6. A dibble including a pointed body portion and a handle portion projecting laterally therefrom means upon the body portion for supporting the thrunb and forefinger of a hand in which said handle is clasped, and means for supporting such a hand against movement with respect to the handle.
7. A dibble comprising a pointed body portion provided with recess-es adapted to receive the thumb and forefinger of a hand, and a laterally project-ing handle shaped to conform to a clasped hand.
8. A dibble provided with a pointed body portion, a fin projecting laterally therefrom, a handle projecting laterally from the body portion substantially at right angles to the fin, and means for supporting from the body portion the extended forefinger of a hand clasped about said handle.
9. A dibble comprising a pointed body portion provided with a laterally projecting fin, a handle projecting laterally from the body portion at a different angle from the fin and adapted to conform to the hand of an operator, and means for accommodating the forefinger of the operator upon said handle in a partially closed and in an extended position.
10. A dibble including a recessed body portion provided with a laterally extending fin, a handle projecting laterally from the dibble and controlled to conform to the clasped hand of an operator, and means for securing against movement with respect to said handle a hand clasped thereon, the recesses in said handle being so disposed as to support the fingers of the operator in positions best suited for pressing the tool into the earth, and for using said fin as a tamping device.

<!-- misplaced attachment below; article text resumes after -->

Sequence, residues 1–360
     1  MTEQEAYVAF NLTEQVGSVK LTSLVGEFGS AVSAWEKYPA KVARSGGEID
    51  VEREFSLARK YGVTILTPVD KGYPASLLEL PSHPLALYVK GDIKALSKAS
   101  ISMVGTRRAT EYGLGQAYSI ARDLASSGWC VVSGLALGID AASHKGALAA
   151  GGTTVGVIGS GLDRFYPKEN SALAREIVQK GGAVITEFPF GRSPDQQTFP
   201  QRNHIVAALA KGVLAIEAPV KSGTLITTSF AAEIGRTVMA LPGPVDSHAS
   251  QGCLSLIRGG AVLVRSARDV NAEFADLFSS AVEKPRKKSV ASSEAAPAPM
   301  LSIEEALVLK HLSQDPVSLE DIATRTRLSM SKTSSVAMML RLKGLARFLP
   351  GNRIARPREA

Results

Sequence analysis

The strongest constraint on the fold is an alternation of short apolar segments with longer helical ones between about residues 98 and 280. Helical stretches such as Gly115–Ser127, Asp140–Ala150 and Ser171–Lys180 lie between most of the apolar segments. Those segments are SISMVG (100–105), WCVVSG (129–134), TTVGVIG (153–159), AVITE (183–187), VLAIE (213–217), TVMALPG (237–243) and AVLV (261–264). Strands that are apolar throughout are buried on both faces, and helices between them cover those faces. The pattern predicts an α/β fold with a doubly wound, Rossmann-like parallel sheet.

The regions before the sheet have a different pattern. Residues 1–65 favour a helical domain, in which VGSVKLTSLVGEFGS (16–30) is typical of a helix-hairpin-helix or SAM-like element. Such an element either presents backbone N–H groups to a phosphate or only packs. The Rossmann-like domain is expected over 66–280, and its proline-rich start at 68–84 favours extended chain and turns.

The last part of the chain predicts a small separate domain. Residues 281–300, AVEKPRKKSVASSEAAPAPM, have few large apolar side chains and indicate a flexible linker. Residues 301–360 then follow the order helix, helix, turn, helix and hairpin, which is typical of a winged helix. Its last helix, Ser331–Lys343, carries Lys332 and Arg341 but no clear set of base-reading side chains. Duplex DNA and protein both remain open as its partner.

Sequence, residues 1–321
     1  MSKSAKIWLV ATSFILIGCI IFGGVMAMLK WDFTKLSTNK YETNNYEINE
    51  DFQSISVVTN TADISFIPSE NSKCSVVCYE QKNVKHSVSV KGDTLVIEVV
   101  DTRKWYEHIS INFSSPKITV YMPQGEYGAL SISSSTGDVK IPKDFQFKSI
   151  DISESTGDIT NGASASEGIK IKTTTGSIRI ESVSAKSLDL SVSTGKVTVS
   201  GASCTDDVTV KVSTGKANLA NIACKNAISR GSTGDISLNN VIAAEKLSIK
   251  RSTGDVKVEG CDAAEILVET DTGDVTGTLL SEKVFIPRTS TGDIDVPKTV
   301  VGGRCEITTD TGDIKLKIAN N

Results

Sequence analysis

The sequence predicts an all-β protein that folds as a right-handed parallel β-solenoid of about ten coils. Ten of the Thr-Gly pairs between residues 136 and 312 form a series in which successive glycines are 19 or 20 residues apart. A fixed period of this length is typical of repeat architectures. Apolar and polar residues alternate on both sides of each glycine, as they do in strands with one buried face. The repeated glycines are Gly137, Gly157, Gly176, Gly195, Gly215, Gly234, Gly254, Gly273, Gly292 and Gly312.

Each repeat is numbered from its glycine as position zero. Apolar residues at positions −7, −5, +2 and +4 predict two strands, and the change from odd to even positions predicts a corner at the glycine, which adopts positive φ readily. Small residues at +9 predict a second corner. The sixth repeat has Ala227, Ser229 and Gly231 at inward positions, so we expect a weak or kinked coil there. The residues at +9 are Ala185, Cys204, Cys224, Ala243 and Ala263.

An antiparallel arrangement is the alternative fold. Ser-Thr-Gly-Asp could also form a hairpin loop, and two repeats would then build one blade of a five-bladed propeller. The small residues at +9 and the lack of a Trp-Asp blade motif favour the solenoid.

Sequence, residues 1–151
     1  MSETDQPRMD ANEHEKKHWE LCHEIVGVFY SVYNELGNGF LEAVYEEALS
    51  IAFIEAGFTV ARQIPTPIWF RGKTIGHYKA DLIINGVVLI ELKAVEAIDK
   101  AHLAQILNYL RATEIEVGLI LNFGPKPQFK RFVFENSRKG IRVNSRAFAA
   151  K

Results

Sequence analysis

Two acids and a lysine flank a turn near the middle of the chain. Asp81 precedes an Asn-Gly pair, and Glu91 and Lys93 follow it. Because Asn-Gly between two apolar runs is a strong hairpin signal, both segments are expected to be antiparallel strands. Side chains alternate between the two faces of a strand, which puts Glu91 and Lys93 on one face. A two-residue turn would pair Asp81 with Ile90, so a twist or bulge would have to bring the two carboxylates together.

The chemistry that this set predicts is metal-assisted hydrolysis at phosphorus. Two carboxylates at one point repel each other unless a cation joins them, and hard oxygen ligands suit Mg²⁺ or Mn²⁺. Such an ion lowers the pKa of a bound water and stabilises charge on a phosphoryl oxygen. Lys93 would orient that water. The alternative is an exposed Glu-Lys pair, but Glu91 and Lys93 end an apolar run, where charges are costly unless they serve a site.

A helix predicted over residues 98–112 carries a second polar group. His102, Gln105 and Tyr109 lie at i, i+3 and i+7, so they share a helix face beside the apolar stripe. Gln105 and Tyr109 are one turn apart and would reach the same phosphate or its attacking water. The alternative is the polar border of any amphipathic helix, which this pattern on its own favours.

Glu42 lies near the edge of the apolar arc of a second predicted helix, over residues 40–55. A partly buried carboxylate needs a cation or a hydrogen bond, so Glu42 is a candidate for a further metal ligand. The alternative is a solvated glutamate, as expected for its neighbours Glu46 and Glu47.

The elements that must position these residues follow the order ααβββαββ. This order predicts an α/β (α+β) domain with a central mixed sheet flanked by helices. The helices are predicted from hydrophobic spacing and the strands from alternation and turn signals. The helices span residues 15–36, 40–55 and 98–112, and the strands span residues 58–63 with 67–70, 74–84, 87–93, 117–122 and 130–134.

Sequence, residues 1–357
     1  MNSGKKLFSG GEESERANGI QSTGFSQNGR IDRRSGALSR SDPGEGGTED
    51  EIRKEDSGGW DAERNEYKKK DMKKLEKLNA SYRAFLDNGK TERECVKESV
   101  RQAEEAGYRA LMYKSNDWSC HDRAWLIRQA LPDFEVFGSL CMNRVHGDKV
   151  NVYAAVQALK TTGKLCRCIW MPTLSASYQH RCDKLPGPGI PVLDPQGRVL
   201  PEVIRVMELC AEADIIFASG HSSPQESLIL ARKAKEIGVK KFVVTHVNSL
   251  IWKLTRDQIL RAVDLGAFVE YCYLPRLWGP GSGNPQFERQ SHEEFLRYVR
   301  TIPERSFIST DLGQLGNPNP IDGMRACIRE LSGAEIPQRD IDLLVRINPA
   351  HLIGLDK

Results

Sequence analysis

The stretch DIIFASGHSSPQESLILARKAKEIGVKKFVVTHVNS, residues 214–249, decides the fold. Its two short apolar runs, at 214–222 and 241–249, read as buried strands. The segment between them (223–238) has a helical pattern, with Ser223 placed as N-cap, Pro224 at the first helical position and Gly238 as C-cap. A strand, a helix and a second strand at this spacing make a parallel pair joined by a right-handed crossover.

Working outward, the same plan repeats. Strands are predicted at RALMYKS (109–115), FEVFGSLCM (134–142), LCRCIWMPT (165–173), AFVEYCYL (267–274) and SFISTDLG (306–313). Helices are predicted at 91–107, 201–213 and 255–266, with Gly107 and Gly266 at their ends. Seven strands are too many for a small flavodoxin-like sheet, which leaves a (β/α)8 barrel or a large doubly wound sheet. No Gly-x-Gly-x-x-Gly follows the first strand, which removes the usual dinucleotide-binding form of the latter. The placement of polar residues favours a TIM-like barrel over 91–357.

11. A dibble including a handle having a laterally projecting portion, said portion being shaped to conform to a clasped hand and to accommodate the fleshy portions of the palm while supporting the depressed port-ions thereof.
12. A dibble including a pointed body portion, a handle projecting laterally therefrom, and a flange associated with the handle and arranged to prevent the slippage in the direction of said body portion of a hand clasped about the handle.
13. A dibble including a body portion, a handle projecting laterally therefrom, and a. fin integral with the body portion and projecting-laterally therefrom, the central with those of the body portion'to create a portions of said fin being thicker than its substantially ovoid cross section, and an upper extremity. abrupt shoulder portion at the upper end of 10 14:. A dibble including a sharpened body the fin, the fin being tapered in thickness to- 5 portion and a fin projecting laterally there- 'ward said shoulder portion.
fro1n,'the surface of the fin being merged WILLIAM SCHOOF.